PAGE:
Ash E Anar: Pomegranate Soup

  • Servings: 6-8
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Pomegranate soup is an important recipe for the Yadegar family. One of Noor’s favorites, her father makes it when he learns about her homecoming. Zod also makes himself the fragrant soup in order to help nurse himself back to health. Pomegranate soup is the first dish Zod can bring himself to make after he learns of Pari’s death. It is a dish filled deeply with nostalgia and the feelings of home and family for Noor and Zod, bringing them together after tragedy after tragedy across generations, oceans, and time itself. Recipe courtesy of Louisa Shafia


    For the soup:

  • 3 tablespoons grapeseed oil
  • 1/2 yellow onion, minced
  • 2 cloves garlic, minced
  • 1/4 cup split peas
  • 1 teaspoon ground turmeric
  • 2 teaspoons ground cumin
  • 8 cups vegetable stock or water
  • 1/2 cup of pomegranate molasses
  • Sea salt and freshly ground black pepper
  • Seeds of one pomegranate
  • 1 cup Greek-style yogurt

    For the meatballs:

  • 1/2 yellow onion minced
  • 2 cloves garlic, minced
  • 1 pound lean ground lamb
  • 2 teaspoons rosemary
  • 2 heaping tablespoons minced flat leaf parsley
  • 2 heaping tablespoons minced cilantro
  • 2 heaping tablespoons minced spearmint
  • 2 teaspoons sea salt


  1. To make the soup, heat the oil in a large stockpot over medium heat and cook the onion for about 10 minutes, until it starts to brown. Add the garlic, split peas, turmeric, cumin, and stock and bring to a boil. Lower the heat and simmer, partially covered, for about 1 1/2 hours, until the peas are tender and the soup is slightly thickened.
  2. To make the meatballs, in a large bowl, combine the lamb with the onion, garlic, and herbs. Add the salt and mix. Wet your hands and form the lamb into walnut-size balls.
  3. When the split peas are tender, add the pomegranate molasses to the soup. Drop in the meatballs and simmer, covered, for about 20 minutes, until they’re cooked through.
  4. Season with salt and pepper. Ladle into bowls and garnish with the pomegranate seeds. Top with yogurt and serve.

Vegetarian Option: Follow the recipe as directed, omitting the meatballs. Along with the split peas, add 1/2 cup lentils, 1/2 cup dried mung beans, 1/2 cup pearled barley, and 1 large beet, peeled and diced small. Use 12 cups stock or water. When the beans and barley are tender, add the pomegranate molasses and 1 bunch chopped cilantro.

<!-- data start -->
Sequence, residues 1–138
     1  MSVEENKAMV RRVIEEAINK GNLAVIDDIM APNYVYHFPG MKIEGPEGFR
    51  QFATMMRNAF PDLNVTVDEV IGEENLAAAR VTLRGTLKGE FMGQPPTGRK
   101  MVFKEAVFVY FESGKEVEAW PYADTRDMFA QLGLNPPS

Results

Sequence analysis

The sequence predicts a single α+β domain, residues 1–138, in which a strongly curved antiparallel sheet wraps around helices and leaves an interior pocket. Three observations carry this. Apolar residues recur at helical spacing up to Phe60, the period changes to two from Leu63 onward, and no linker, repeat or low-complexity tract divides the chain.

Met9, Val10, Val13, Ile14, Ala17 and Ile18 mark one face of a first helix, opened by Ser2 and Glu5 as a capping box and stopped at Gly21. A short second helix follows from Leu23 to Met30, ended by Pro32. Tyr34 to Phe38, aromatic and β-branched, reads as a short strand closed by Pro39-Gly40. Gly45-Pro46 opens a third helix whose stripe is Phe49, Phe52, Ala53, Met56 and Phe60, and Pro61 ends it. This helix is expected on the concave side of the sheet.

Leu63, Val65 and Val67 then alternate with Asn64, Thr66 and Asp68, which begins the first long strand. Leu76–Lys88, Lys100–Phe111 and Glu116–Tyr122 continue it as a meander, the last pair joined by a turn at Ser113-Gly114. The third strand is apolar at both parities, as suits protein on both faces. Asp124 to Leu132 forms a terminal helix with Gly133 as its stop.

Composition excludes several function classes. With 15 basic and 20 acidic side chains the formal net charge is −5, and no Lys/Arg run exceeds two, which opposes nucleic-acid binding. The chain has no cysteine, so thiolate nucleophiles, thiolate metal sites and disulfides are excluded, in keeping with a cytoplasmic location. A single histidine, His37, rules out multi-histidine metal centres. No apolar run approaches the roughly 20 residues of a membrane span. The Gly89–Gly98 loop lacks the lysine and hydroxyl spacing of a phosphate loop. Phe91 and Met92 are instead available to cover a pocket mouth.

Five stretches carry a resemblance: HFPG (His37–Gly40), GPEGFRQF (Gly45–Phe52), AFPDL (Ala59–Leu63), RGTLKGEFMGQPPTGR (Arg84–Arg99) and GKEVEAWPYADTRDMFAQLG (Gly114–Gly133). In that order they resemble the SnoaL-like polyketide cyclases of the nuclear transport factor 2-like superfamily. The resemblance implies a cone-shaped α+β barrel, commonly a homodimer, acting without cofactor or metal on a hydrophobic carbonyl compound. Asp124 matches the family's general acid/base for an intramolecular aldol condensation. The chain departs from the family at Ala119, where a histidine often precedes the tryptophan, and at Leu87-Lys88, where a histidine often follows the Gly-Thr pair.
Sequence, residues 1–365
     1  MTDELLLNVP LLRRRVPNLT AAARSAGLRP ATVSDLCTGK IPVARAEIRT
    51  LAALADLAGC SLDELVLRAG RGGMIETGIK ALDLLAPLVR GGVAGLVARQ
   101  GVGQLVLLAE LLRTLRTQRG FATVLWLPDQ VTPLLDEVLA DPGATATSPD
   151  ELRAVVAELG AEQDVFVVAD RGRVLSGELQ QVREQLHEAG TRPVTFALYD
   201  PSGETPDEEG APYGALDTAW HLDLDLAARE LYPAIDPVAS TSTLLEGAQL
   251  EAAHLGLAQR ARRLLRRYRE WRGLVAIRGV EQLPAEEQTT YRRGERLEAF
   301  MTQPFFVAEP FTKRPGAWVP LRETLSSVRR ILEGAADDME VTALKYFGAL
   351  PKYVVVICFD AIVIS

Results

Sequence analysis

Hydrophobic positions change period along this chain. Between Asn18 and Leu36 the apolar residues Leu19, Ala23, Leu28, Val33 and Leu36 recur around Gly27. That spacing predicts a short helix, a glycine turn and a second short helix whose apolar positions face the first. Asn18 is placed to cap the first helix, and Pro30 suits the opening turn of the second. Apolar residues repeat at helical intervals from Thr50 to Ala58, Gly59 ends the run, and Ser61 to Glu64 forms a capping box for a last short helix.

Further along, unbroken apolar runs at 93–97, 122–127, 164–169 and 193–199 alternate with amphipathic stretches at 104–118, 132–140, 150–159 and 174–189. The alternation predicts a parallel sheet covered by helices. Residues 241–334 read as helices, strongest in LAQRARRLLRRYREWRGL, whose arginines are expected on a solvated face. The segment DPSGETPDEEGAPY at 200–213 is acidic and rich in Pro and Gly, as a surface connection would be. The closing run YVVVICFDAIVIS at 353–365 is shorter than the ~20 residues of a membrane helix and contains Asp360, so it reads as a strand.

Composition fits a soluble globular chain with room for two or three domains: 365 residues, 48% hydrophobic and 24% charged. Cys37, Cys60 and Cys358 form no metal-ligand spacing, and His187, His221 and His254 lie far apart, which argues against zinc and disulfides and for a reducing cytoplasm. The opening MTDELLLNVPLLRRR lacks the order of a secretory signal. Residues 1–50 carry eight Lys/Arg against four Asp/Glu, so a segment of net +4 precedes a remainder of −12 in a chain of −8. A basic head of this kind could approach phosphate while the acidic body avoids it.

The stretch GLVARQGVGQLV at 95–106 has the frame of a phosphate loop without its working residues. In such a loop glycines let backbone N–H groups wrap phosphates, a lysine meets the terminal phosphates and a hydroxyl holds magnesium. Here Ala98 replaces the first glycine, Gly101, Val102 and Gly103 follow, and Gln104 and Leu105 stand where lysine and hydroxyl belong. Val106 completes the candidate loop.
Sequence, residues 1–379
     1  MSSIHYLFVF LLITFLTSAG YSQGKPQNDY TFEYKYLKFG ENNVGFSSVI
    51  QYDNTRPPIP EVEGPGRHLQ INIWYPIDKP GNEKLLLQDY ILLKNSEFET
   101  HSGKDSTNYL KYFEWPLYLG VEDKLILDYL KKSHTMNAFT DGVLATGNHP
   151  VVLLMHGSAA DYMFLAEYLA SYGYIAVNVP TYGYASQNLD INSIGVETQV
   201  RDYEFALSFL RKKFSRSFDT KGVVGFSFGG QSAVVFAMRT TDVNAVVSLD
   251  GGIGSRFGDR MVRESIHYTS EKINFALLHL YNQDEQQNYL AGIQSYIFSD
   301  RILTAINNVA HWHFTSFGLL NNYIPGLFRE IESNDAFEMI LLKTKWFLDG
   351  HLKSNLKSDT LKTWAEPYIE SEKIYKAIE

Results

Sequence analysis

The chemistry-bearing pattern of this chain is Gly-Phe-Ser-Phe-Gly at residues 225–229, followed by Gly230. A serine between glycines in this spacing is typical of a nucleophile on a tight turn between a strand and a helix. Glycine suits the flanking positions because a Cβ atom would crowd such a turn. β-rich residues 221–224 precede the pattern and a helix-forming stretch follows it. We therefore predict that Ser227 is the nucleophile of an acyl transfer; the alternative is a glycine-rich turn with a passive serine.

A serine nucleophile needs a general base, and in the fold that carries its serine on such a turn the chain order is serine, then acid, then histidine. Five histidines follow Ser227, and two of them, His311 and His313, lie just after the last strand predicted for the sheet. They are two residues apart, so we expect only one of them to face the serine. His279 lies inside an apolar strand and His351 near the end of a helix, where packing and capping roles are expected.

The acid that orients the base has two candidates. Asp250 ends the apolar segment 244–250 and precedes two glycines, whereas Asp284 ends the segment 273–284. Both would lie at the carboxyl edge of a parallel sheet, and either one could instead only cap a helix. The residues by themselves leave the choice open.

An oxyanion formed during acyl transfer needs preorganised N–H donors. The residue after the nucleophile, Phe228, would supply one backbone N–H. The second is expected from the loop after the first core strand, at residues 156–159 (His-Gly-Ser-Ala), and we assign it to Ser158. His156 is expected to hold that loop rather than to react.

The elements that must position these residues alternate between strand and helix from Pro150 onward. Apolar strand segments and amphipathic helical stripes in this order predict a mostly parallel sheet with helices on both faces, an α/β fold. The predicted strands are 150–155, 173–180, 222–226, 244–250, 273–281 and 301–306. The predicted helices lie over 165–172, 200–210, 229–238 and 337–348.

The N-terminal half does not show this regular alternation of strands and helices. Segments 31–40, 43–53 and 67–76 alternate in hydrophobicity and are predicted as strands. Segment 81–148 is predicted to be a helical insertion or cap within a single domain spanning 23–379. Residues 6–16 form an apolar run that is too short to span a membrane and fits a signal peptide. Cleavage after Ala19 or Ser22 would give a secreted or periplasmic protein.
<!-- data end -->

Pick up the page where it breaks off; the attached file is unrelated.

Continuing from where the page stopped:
Piroshki Stuffed with Ground Beef

  • Servings: 12
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Piroshki are Cafe Leila’s speciality. People come from all over to get the delicate stuffed pastries whose scent fill the cafe every morning. Tehranians come from all over the city to buy them. Learning to make them is a right of passage which Zod learns from his mother Nina and Noor only feels comfortable attempting to make them at the very end of the novel. Originally from Russia, these stuffed rolls also show the family’s history and heritage. Recipe courtesy of My Persian Kitchen


    For the dough:

  • 1 package yeast
  • 1 cup warm water
  • 1 tablespoon sugar
  • 1/2 teaspoon salt
  • 3 tablespoons oil
  • 1 cup yogurt
  • 2 eggs
  • 2-3 cups flour

    For the filling:

  • 1/2 pound ground beef
  • 1 small onion
  • 2 cloves garlic
  • 1/4 teaspoon turmeric
  • 1 tablespoon tomato paste
  • 1 cup parsley
  • Oil
  • Salt & pepper


  1. Combine warm water (100°) with sugar and mix well.  Add yeast and let stand for 5 minutes. Add salt, oil, yogurt and eggs. Mix them all well together. Add 1 cup of flour at a time.  Add more flour if needed. Kneed for a few minutes. The dough should be smooth and not stick to your hand.  Cover and let rest for one hour.
  2. In the meantime, dice the small onion and mince the garlic.  Sauté in oil until translucent.  Add turmeric and let cook for about one more minute. Add ground beef and season with salt and pepper. Once the meat is browned, add tomato paste and small chopped parsley.  Mix well and cook uncovered until all the juices are absorbed. Remove from heat and allow to cool.
  3. Divide up your dough in small even balls the size of a small orange. Place each dough ball on your hand and carefully expand. Add a couple of tablespoons of the filling and wrap the dough around the filling making sure that there are no holes.  Place back on the cutting board seam side down. Warm some vegetable oil in a pot and fry dough on both sides until golden brown.

Russians call these stuffed pastries piroshki and usually stuff them with meat. Persians (including Iranians) call them pirashki and fill them with everything from meat to custard to apples. Russians believe there is no such thing as sweet piroshki such as those made in The Last Days of Cafe Leila.


The Last Days of Café Leila’s Homepage

Jessica Jenkins ’19

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